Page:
The crisis in the economy has just started, says Simon Johnson, an economist at MIT’s Sloan School of Management.
Emerging markets such as China, will be the next crisis, he said.
While the majority believes that big banks are too big to fail, that belief is a misnomer, he told CNBC.
Banks are beginning to act in irresponsible manner, Johnson said.
“We are setting ourselves up for an enormous catastrophe,” he said.
Although conventional wisdom says the markets can't have major back to back financial crisis, that scenario could occur, Johnson said.
The next 12 months will determine the outcome.
“The market is very clearly saying that they think there is going to be another bailout, more bailouts, unlimited bailouts, as necessary. And those expectations of course are self-fulfilling," he said.
"If people believe that, they will put money in, they will lend money to these massive institutions. They will get bigger. They will become even more dangerous. They will behave in a reckless fashion," Johnson said on National Public Radio.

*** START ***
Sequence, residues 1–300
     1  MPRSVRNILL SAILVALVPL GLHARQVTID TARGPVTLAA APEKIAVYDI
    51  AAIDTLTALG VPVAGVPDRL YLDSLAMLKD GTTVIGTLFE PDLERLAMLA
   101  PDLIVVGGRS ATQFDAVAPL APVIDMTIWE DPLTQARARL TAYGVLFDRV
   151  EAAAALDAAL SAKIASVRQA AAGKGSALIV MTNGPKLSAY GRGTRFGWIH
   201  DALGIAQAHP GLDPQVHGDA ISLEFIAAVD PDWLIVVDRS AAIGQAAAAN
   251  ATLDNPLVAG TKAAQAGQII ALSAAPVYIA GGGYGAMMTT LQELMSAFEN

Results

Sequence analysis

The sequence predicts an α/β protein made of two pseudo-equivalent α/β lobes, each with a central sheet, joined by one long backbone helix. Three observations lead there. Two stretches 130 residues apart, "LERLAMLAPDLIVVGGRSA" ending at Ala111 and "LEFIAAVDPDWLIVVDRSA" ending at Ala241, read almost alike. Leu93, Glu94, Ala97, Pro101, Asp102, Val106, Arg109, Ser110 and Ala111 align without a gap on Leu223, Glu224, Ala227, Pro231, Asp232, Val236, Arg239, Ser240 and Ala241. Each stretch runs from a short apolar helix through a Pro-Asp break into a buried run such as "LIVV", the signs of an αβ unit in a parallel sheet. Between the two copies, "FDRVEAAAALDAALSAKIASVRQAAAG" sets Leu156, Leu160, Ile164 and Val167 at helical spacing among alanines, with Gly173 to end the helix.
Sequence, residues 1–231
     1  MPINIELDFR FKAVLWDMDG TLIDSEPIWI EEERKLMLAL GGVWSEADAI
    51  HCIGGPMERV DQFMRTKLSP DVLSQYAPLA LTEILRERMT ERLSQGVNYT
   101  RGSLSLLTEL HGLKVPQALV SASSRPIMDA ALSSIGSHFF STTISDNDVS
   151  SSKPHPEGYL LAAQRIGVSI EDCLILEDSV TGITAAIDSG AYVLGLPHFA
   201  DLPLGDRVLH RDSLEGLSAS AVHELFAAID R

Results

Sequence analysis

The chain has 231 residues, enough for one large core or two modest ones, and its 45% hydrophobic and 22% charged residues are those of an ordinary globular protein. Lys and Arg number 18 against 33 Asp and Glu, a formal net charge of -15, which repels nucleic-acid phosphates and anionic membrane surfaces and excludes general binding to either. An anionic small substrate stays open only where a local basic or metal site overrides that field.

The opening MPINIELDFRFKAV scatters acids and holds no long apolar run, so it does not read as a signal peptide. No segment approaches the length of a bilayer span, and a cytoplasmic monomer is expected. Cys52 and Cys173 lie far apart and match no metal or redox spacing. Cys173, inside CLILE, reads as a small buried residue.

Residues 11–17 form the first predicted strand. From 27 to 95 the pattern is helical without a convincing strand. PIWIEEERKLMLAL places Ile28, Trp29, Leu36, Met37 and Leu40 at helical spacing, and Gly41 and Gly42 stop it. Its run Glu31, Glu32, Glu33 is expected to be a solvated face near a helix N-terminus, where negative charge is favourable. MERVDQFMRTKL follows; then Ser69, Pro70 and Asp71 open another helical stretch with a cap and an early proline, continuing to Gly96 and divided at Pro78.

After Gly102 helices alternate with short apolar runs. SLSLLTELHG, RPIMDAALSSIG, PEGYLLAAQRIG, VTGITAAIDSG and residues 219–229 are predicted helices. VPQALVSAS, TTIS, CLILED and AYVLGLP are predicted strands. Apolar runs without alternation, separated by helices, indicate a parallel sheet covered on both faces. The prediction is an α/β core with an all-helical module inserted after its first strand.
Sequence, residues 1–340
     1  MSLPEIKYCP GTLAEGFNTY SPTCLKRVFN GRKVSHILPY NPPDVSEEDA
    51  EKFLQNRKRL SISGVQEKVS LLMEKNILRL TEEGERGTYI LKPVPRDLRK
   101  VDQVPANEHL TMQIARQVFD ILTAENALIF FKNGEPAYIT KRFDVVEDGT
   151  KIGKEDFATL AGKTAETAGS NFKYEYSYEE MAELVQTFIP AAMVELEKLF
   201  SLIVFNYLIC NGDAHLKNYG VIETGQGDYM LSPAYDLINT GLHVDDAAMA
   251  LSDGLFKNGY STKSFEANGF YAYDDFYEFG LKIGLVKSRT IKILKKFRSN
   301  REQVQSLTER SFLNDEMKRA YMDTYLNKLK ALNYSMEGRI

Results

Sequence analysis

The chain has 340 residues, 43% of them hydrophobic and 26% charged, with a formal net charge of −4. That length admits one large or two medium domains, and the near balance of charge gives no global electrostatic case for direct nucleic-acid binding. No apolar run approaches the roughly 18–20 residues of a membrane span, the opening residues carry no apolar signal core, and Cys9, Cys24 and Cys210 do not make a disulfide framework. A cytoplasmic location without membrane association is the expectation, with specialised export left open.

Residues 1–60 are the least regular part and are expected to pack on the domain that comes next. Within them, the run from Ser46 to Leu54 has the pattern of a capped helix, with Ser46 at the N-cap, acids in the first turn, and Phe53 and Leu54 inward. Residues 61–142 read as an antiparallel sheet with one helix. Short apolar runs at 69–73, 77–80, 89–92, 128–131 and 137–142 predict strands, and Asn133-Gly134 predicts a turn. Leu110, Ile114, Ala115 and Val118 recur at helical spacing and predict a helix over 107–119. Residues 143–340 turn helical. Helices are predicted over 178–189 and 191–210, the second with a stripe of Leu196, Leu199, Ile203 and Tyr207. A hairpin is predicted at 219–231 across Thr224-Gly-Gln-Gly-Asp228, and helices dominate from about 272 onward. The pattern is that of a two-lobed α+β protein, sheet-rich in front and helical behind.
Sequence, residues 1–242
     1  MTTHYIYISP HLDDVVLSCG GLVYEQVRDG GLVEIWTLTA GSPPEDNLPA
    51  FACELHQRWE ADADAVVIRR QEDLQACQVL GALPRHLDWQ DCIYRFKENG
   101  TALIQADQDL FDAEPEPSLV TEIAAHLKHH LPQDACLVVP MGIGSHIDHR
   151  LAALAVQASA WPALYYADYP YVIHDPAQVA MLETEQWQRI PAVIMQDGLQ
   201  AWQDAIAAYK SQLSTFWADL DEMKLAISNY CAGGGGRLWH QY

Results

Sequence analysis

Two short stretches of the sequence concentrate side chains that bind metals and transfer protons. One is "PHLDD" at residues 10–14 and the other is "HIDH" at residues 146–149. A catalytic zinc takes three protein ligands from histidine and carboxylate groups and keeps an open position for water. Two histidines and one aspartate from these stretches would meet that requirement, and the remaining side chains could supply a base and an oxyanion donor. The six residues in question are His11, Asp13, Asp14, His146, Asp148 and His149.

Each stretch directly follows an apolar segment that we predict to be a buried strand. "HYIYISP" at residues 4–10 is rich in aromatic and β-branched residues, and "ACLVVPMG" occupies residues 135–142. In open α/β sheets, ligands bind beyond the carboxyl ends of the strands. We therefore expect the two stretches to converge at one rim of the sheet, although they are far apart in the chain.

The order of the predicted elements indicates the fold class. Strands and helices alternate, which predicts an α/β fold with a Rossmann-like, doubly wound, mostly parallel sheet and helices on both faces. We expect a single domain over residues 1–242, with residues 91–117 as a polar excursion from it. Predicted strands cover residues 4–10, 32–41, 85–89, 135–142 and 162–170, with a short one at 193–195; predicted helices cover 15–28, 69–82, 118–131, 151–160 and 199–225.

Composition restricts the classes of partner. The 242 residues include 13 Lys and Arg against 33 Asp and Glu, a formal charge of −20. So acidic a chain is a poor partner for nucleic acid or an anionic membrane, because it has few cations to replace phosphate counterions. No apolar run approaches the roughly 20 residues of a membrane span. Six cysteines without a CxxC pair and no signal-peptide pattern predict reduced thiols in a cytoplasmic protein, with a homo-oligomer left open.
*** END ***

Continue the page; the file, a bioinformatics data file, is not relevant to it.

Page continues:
"This has to stop. And the Federal Reserve is not addressing this,” Johnson said.
The U.S. economy’s rebound is being hampered by continuing job losses, The Times reported.
However, economists said that when the U.S. Census Bureau hires 1.15 million temporary workers in the spring, it will help.
“They’re going to hire an army of people. This acts as a stimulus package and is a timely coincidence, coming so early in the recovery,” said Julie Coronado, a senior economist at BNP Paribas in New York.
Paul Ashworth at Capital Economics, the research house, said unemployment remains a major problem.
“The labor market is getting better, but it is still a long way from being healthy again,” he said.
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